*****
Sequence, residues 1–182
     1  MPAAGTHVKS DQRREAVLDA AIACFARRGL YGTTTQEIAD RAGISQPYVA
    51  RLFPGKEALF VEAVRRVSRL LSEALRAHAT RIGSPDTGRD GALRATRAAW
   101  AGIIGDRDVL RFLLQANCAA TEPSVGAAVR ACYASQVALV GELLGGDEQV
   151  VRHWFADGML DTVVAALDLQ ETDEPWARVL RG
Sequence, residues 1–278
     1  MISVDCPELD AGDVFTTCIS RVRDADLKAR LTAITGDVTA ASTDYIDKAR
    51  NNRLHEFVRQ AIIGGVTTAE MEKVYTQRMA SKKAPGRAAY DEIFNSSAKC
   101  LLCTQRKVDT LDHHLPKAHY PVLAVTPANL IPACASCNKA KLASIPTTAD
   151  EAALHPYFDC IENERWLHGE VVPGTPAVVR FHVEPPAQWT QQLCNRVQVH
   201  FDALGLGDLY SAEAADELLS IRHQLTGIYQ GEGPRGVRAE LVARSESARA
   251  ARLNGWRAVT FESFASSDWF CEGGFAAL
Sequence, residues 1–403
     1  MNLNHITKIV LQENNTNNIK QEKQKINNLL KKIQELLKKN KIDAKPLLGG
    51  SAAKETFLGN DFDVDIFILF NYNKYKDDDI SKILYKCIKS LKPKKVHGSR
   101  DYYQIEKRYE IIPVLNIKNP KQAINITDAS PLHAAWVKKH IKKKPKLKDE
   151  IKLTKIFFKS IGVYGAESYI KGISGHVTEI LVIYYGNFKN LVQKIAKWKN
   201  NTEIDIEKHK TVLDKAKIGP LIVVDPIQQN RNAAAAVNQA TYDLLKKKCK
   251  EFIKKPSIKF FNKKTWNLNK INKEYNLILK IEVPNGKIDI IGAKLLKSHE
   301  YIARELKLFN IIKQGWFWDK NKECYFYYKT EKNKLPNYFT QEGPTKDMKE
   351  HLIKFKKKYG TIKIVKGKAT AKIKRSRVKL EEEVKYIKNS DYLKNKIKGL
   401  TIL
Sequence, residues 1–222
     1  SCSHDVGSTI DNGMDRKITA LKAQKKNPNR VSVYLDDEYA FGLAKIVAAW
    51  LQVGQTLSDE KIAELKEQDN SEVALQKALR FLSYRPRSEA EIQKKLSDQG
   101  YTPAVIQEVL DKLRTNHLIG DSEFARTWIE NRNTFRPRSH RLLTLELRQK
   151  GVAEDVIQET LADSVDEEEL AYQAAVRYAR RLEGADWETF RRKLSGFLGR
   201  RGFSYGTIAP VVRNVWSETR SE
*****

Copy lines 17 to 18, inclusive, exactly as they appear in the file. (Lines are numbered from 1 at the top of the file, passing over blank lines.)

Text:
   151  IKLTKIFFKS IGVYGAESYI KGISGHVTEI LVIYYGNFKN LVQKIAKWKN
   201  NTEIDIEKHK TVLDKAKIGP LIVVDPIQQN RNAAAAVNQA TYDLLKKKCK